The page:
Single children 'little emperors'
Updated: 2013-01-28 07:51
By Xin Meng (China Daily)
A study recently published in Science by four Australian scholars (myself, Professors L. Cameron and L. Gangadharan of Monash University and Associate Professor N. Erkal of University of Melbourne) suggests that individuals who grew up as single children as a result of the strict implementation of the family planning policy in 1979 are, on average, less trusting, less trustworthy, more risk-averse, less competitive, more pessimistic and less conscientious.
The research is based on data collected from economics experiments involving 421 people born in Beijing just before and just after the introduction of the family planning policy, under which most urban families are required to have only one child. The samples spread evenly across the (pre-policy) 1975, 1978, and (post-policy) 1980 and 1983 birth cohorts, with gender balance within the groups. Surveys to elicit personality traits were also used.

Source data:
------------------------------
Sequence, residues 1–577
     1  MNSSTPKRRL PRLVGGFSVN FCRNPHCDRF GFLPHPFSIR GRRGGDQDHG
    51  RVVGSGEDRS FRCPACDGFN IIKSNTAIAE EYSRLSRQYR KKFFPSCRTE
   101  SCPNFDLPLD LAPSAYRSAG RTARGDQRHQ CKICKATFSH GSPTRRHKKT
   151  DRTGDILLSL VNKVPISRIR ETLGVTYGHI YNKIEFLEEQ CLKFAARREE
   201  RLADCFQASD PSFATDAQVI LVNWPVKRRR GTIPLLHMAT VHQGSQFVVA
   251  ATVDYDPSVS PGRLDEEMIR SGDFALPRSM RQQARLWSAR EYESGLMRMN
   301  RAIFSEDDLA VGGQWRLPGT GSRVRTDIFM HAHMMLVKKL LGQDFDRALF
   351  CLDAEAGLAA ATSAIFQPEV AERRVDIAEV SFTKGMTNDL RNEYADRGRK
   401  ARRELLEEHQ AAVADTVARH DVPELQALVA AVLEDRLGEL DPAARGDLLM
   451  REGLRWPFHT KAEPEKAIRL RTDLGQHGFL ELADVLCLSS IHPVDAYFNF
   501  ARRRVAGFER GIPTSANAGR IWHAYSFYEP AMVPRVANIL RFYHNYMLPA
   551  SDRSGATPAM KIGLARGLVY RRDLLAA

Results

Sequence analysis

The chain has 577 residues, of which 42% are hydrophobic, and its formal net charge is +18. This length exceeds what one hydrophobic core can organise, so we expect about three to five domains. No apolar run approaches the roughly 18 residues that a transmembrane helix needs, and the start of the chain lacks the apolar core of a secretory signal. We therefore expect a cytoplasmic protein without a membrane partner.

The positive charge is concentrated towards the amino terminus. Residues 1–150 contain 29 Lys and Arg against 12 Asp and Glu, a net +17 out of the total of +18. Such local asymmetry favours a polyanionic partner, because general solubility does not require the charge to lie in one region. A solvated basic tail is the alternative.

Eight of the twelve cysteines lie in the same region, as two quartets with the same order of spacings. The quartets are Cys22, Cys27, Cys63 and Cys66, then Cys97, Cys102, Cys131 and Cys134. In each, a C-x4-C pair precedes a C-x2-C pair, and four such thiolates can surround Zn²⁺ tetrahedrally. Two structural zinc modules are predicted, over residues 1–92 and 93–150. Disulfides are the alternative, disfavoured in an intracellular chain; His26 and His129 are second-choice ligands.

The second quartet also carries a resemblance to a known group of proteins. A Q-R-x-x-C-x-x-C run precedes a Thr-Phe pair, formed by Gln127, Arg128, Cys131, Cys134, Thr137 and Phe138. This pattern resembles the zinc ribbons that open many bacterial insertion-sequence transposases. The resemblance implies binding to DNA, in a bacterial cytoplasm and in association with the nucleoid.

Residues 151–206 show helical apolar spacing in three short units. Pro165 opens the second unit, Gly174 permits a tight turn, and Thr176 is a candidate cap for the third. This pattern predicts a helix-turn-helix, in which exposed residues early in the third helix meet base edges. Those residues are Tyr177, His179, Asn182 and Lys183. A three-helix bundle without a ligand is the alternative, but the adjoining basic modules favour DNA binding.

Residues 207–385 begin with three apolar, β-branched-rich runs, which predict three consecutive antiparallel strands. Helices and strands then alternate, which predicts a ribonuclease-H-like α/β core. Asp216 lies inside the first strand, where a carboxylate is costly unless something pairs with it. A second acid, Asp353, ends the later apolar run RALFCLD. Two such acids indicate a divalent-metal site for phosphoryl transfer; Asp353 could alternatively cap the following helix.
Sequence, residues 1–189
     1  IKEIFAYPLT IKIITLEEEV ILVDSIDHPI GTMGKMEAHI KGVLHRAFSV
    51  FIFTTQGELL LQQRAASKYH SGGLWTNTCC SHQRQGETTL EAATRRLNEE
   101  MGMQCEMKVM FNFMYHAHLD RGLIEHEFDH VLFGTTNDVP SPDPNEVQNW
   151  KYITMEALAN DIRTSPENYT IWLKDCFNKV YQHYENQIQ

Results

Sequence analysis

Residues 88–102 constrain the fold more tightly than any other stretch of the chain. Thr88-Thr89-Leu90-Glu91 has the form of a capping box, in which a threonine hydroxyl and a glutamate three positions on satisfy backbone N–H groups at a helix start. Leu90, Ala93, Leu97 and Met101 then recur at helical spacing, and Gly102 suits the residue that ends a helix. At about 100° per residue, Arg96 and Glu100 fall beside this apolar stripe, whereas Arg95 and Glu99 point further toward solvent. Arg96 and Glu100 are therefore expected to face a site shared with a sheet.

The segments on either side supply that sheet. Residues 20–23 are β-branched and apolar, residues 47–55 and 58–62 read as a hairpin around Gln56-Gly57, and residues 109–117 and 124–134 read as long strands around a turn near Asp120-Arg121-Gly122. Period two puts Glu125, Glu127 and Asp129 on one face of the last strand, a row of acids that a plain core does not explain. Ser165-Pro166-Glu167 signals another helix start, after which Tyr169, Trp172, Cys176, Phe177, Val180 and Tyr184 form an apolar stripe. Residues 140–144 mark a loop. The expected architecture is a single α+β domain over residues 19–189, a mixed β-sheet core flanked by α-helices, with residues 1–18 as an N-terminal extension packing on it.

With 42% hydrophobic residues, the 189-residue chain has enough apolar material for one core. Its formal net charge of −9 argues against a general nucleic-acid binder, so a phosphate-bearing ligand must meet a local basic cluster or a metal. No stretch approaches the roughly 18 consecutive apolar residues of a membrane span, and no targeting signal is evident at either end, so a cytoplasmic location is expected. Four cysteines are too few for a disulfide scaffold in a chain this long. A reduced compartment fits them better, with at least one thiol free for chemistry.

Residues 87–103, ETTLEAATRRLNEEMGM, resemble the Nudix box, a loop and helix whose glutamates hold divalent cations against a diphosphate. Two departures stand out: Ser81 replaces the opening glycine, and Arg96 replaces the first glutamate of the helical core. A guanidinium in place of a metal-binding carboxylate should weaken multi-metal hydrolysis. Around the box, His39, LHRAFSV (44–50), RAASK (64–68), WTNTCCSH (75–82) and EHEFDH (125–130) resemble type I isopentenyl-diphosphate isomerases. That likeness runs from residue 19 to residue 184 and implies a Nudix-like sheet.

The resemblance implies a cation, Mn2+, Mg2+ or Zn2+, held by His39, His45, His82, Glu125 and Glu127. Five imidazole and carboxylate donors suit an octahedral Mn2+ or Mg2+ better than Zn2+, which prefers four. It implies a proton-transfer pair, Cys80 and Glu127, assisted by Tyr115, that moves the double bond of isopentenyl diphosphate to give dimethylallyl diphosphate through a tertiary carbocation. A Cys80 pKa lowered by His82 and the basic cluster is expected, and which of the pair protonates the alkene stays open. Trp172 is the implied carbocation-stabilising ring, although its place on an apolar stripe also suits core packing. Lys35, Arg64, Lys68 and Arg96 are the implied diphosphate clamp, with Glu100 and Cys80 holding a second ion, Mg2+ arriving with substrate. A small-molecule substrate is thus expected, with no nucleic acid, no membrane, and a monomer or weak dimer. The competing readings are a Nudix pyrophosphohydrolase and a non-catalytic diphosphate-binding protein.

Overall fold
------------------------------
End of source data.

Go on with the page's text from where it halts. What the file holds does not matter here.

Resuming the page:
The behavioral consequence of not having siblings has been of interest in developmental psychology for many decades. It is believed that pro-social development is shaped by parents as well as through social interaction with peers, including siblings. The difference in relationships with parents and lack of interaction with siblings have been identified in psychology as two reasons for a single child to develop differently from those having siblings.
However, if parents give birth to single children differ in their personality and behavioral traits from parents who choose to have more than one child, such differences may be inherited by their children. Thus, behavioral difference observed from simply comparing children with and without siblings would be a combination of the effects of growing up with or without siblings as well as the differences in personality traits children inherit from their parents.
To tease out the inherited behavioral differences, we used an econometric method called "instrumental variable" approach. It allowed us to use the family planning policy as an exogenous shock to individuals' fertility to identify a group of people who would otherwise have grown up with siblings but because of the family planning policy did not.